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Don’t Weed the Garden
A Sermon for Sunday, July 20th, 2014
By Father John R. Smith
Lesson: Genesis 28: 10 – 19a
Psalm 139: 1-11 / 22-23
Epistle: Romans 8: 12 - 25
The Holy Gospel: Matthew 13: 24 – 30, 36 - 43
When I was a teenager, my mom kept pretty good tabs on me. When, during the summer, it looked like I was getting bored or antsy with lots of time on my hands, she would say: “John, go weed the garden.” Living in the northwest with lots of rain everything grew fast including the weeds. There were always plenty of weeds in the garden and flower beds. It had to be done.
I dreaded hearing my mom’s request for me to pull weeds. I wish I knew today’s Gospel passage where Jesus says to let the weeds grow and don’t pull them out lest the good plants be uprooted with them (which did happen!) so I could show it to my mother and get out of having to pull weeds all the time!
Actually, Jesus is addressing a problem in his day which we continue to have in our own time: How do you resist evil without adding the evil of your own violent preventative actions and make things worse than they were? In other words, Jesus is saying that we will multiply evil when we try to identify evil and weed it out.
Why is this? Because Jesus knows we are not good at identifying evil because we are sinners too. Like Pogo says: We have met the enemy and it is us. As human beings we tend to put everything into an “us” vs. “them” type of life scenario where real people get hurt or killed.
Conventional human judgment says “Let's get the bad guys and teach them a lesson.” But we do so without any proportion to our human “justice.” For example: After 9/11 there was a lot of comparison to the surprise attack on Pearl Harbor. On that tragic day there were 2500+ casualties, mostly sailors and soldiers, but when we dropped the atom bomb on Nagasaki and Hiroshima we caused over 250,000 casualties, mostly all civilians. And 9/11’s 3500+ dead led to a war that estimates 350,000 were killed, the majority civilians. And in the current conflict in Gaza and Israel, Palestinian casualties are over 200 and so far only 1 Israeli has been killed. We are not good at pulling weeds. The more we weed the more the landscape is destroyed.
The Million Dollar question is: How can we oppose evil without creating more evil and bloodshed and becoming evil ourselves in the process?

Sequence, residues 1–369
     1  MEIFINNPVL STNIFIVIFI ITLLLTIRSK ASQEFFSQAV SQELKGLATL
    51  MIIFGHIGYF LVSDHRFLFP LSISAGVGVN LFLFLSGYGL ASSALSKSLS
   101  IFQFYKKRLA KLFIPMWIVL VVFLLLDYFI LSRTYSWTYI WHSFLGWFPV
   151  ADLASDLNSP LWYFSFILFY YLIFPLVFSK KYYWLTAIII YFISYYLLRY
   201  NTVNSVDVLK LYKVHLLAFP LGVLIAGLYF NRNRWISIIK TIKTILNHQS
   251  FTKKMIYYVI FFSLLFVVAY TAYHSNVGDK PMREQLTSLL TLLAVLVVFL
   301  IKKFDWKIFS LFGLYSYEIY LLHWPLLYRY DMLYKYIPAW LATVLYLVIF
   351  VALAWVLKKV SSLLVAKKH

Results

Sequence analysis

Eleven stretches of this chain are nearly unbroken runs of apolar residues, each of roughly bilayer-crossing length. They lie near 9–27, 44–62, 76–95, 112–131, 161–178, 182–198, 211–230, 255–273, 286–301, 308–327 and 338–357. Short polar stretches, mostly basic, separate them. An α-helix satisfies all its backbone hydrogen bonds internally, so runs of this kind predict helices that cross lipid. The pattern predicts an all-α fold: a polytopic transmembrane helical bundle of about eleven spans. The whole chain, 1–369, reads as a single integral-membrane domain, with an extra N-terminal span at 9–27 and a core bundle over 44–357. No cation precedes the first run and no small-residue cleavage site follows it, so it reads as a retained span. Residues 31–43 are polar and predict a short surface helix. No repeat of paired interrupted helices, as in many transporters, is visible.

Jesus lived and taught an alternative to our conventional human wisdom. When the slaves in the story ask the Master if they should pull up the weeds sown by the enemy, he replies,
“No; for in gathering the weeds you would uproot the wheat along with them. Let both of them grow together until the harvest.”The word for “let” in the Greek text is aphiemi which can mean “permit”, “let”, or “allow.” It’s in the command “do this” form. But the greatest thing for me is that the word aphiemi is the word in Greek for forgiveness, in the sense of “let off the hook!”
For Jesus, the real enemy is Satan, who attempts to sucker us into conflict and to end up creating more and more woe in the world. Jesus is saying “Don’t fall into that trap. Step back from the sadness and look how to bring mercy to the perpetrator who has a complaint against you. What is the complaint? How can you answer it and make things better?
All this said, we still have to deal with Jesus’ words about collecting the weeds at harvest and throwing them into the furnace of fire where there will be “weeping and gnashing of teeth.” Doesn’t sound much like forgiveness, does it? We can go in a couple of directions on this: Jesus could be saying “Leave all Judgment and punishment to me and my Father. Wait till we get our hands on the evildoers,” (Jesus’ listeners might like this best because it gives a nod to the conventional wisdom to eliminate the bad guys) or, Jesus is saying that the Kingdom he and the Angels are trying to bring about on the earth will be unsuccessfully up-rooted like weeds by those looking to get rid of them by putting Jesus (The Weed) to death on the Cross. Jesus himself will suffer the furnace of fire in his passion and death. Gandhi and Martin Luther King Jr. were modern day examples of persons willing to suffer violence themselves before they would afflict others with violence.
I wish we could judge rightly, but we are not God. God is love. In God there is no darkness at all. God makes the sun shine on the good and bad alike. God makes rain to fall on the just and unjust. God is removed completely from the realm of our human judgment or human morality, our judging or condemning human beings as evil.
So what do we do? Patiently resist evil, forgive, try not to increase the evil sown in the world by anything we do create even more suffering. Doing this, we will groan with creation’s labor pains for the Kingdom to finally come. St Paul shares this groaning experience with us:
We, who have the first fruits of the Spirit, groan inwardly while we wait for adoption, the redemption of our bodies. For in hope we were saved. Now hope that is seen is not hope. For who hopes for what is seen? But if we hope for what we do not see, we wait for it with patience.This is the experience of the follower of Jesus in the world: groaning for the Kingdom of peace and justice while being joyful in hope that “Thy Kingdom come” will be a reality in this world.
In sum, I think we can be more useful to God in our patience than in trying to pull up everything we think is a weed. Don’t we sometimes say: Is that a weed? It looks like a flower! God is the Master Gardener. Let us cooperate with God’s plan as Jesus teaches us.